But it might be a long while until we see the Papuan relieved of their plight.

It may be worth pointing out, as Ati did, that the conflict in Aceh can be said to have reached a resolution because of the 2004 Tsunami, whereas East Timor achieved their independence because of international pressure at the time.

Galuh Wandita from Asia Justice and Rights (AJAR), who is also a member of PWG, said that Indonesia “should acknowledge past abuses dan extend a helping hand to support the victims.”

The state must admit what it has done in the past, and make a promise to never repeat it again, she said.

For years, “security” has been the foundation of the government’s approach to deal with whatever goes on in Papua. These days, under President Joko “Jokowi” Widodo administration, it has added a layer of economic development on top of it.

Security measures became the government’s defense mechanism against scrutiny, and ultimately paves way to impunity among the supposed law enforcement officers.

“Sa Ada Di Sini” further strengthens the notion that impunity is the root cause of many problems in Papua.

What feels bizarre to me is how easy it is to neglect what Papuans –and Papuan women especially– have to go through on a daily basis, even amid calls for empowerment and social justice that continues (thankfully!) to make it to the surface on the daily.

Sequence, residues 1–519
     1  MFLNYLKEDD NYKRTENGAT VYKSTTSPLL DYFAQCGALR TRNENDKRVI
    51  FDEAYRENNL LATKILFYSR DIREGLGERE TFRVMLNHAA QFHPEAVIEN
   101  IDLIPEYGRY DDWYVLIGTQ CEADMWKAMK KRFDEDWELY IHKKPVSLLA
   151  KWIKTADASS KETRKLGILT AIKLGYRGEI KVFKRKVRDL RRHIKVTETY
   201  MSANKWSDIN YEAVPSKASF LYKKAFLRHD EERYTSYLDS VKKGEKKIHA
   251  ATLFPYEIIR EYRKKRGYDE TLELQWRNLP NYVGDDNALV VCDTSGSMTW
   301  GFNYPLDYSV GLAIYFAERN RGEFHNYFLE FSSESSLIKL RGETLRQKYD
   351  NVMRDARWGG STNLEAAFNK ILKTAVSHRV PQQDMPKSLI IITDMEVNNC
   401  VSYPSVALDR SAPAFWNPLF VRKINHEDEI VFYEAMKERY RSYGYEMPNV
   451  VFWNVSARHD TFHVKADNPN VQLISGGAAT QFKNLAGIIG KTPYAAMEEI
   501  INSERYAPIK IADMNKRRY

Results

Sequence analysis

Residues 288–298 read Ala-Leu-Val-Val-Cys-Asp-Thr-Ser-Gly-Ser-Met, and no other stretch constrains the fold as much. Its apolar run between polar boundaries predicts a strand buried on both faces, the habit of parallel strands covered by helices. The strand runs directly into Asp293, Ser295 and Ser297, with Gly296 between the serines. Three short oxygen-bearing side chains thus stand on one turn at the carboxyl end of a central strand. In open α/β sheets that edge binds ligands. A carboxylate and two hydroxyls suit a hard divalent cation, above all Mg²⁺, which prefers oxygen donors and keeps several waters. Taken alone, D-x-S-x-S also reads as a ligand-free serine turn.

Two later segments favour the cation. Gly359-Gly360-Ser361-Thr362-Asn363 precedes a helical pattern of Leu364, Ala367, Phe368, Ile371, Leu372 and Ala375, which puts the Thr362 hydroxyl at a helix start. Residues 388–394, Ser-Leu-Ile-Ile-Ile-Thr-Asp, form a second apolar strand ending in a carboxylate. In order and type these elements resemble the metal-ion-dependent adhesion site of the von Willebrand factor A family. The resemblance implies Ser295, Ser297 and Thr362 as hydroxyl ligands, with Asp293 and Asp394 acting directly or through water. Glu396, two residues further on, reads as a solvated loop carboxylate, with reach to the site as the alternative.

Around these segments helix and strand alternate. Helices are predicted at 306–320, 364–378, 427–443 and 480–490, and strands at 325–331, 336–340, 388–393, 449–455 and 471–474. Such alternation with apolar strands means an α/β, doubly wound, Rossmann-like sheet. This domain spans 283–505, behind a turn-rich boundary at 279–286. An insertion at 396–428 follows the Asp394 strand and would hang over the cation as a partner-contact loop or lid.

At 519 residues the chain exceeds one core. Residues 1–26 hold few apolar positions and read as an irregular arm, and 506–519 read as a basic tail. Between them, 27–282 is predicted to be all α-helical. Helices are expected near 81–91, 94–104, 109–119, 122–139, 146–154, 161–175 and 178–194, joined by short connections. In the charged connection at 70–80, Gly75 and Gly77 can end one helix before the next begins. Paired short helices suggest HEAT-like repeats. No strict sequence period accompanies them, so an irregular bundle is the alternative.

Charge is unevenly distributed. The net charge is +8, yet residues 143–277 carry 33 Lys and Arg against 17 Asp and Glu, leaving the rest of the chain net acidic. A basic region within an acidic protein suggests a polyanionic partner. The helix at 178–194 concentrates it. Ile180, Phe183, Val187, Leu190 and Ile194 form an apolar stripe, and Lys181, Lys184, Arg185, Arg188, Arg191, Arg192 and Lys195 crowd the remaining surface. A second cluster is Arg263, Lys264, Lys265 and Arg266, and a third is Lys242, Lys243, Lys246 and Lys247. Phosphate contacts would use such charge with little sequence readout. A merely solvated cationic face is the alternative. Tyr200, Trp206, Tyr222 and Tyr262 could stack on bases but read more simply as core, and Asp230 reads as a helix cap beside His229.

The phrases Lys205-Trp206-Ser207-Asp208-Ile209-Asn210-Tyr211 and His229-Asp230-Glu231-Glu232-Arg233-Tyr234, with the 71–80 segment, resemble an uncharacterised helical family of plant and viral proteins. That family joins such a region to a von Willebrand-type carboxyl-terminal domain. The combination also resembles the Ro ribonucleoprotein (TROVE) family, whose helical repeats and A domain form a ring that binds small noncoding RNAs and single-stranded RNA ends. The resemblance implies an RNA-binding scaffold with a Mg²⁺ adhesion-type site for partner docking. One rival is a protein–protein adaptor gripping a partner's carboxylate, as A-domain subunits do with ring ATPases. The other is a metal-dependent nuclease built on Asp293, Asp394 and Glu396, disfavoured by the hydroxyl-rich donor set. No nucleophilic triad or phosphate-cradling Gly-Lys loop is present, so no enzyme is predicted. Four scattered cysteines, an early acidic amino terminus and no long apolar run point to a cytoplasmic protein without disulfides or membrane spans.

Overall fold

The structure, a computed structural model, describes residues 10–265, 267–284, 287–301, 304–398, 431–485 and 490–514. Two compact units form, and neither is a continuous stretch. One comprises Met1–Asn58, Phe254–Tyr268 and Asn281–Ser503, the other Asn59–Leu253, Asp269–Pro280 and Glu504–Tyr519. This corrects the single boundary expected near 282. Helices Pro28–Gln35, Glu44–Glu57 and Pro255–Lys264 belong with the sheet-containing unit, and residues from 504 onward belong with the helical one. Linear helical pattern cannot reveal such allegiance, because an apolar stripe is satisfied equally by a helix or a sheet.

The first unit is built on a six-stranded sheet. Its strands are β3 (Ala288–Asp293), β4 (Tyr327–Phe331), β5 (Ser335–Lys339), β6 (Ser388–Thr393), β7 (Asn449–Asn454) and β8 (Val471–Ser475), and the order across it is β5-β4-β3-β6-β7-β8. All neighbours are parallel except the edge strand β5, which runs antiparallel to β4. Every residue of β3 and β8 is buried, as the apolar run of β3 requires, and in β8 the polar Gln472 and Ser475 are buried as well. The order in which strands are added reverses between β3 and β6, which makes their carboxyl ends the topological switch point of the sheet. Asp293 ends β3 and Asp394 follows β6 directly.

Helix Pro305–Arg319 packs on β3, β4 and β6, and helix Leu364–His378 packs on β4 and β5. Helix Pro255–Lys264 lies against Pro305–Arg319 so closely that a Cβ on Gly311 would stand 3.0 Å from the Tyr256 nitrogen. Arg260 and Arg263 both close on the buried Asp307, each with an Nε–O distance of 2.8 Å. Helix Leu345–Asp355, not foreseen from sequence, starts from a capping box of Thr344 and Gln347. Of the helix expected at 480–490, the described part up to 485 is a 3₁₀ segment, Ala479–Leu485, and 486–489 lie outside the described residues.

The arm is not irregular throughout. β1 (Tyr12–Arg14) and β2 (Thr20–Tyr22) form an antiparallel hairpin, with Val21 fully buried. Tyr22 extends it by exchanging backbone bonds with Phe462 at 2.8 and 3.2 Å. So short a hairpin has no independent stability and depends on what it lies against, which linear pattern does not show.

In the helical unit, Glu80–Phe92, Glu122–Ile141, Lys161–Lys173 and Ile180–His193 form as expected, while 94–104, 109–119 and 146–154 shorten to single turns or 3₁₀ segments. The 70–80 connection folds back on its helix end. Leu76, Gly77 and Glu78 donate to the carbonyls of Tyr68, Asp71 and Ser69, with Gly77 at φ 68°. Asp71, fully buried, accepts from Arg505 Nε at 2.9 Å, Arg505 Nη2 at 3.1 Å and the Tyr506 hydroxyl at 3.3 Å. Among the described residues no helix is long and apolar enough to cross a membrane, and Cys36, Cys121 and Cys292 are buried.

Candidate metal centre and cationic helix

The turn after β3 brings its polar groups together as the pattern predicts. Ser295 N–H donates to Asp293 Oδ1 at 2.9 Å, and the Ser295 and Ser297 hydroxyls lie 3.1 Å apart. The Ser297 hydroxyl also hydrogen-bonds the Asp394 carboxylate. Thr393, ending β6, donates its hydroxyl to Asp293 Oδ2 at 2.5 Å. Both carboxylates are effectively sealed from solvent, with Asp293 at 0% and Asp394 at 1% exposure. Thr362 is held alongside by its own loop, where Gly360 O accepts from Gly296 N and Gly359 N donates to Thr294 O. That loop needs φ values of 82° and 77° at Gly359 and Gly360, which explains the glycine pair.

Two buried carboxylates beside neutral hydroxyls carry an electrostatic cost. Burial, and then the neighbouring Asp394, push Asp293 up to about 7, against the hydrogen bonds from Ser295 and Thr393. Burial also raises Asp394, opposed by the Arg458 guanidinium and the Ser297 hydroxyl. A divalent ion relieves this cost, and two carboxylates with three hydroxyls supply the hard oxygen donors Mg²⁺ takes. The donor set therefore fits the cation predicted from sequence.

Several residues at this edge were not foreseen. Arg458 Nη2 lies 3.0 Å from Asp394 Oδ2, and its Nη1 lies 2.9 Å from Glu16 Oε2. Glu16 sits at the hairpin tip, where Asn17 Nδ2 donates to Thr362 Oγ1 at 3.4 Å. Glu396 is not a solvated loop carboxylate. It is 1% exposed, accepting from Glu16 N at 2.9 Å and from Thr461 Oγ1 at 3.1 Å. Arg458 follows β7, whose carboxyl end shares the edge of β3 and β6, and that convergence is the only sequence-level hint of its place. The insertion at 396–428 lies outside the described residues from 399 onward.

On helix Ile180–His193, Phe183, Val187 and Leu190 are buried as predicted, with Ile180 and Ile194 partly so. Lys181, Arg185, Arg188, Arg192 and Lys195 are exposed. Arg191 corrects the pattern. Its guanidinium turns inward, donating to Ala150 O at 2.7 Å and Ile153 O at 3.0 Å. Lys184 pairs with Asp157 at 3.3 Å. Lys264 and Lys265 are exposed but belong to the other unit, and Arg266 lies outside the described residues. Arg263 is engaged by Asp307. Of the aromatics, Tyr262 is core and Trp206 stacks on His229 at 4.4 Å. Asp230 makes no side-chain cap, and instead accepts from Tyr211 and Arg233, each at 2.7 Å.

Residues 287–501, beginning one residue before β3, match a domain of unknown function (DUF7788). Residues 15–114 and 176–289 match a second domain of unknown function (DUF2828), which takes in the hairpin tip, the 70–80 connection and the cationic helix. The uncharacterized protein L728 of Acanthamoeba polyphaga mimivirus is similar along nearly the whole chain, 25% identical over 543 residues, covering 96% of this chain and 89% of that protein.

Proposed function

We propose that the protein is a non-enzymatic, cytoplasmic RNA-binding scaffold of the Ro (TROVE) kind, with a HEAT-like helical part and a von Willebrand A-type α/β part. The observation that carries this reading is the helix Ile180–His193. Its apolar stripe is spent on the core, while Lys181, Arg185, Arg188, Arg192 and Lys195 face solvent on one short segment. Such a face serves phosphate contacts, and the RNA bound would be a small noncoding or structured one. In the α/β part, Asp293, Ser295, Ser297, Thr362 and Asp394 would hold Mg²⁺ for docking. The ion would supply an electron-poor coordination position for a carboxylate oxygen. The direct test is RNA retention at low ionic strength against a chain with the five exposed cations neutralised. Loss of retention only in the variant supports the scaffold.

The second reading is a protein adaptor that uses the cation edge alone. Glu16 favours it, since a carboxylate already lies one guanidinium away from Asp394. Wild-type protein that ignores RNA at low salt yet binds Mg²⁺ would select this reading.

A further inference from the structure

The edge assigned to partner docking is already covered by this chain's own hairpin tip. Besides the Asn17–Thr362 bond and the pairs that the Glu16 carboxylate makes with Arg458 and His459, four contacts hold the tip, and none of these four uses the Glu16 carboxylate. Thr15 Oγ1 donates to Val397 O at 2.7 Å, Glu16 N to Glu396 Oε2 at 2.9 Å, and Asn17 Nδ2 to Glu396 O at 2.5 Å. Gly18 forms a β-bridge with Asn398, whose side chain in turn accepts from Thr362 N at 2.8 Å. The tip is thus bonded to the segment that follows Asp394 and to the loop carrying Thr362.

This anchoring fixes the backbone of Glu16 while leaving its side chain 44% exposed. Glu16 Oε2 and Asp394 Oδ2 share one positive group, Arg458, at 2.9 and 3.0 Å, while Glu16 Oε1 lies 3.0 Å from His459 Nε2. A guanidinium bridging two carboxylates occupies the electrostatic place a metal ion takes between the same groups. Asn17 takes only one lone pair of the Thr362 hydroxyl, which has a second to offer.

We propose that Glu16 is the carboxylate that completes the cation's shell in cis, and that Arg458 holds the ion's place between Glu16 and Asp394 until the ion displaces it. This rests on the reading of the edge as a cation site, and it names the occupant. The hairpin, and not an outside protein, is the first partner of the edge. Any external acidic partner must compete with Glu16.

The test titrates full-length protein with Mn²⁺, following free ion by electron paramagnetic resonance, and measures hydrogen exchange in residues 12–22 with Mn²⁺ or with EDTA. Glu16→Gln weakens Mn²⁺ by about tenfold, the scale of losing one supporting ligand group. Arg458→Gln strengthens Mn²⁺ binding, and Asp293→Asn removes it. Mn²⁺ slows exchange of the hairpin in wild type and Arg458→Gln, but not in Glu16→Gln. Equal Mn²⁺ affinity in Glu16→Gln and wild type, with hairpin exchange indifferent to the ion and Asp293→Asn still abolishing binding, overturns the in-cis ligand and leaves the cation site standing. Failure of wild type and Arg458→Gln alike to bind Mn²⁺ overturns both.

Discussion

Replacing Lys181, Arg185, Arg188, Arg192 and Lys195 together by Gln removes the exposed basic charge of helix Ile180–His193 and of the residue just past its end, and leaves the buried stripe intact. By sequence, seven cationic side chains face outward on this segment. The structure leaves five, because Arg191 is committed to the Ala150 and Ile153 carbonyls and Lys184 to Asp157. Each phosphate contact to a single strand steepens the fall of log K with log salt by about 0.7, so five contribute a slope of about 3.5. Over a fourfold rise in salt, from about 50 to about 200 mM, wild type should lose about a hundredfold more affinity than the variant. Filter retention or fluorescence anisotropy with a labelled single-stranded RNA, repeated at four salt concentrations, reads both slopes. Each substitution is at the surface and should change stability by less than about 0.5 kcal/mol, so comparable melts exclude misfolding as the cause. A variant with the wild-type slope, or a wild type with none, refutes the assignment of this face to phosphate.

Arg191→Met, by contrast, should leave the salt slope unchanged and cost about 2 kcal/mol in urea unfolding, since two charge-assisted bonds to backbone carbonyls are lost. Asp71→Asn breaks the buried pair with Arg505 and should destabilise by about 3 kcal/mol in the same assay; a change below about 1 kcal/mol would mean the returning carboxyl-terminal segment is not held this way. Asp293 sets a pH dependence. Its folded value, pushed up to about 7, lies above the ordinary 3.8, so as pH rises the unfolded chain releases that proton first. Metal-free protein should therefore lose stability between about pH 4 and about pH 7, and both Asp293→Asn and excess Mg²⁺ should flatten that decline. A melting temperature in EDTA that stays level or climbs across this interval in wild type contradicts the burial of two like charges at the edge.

(Photo courtesy of AJAR)

What I’ve written thus far is merely a quick glance to what’s going on — what’s been going on– in Papua for years and years. I don’t claim to know enough, or to have even an adequate understanding, but I think I’m getting there.

I know it’s easy to get lost in mainstream narrative, be it about Papua or about every other thing that’s going on in the world, especially in this day and age.

I’d like to end with a quote from Mark Twain, which should serve as a piece of wisdom as we navigate in this ever more complex world, tinged with fake news and alternative facts. If you believe in democracy and the power of the people, then it’s time we take that privilege and use it for collective good. And how do you go about doing that, you ask? Educate yourself, then others. Engage in discussions, argue when you must, but remember the value of open-mindedness when it comes to the diversity of our planet.

“Whenever you find yourself on the side of the majority, it is time to pause and reflect.” — Mark Twain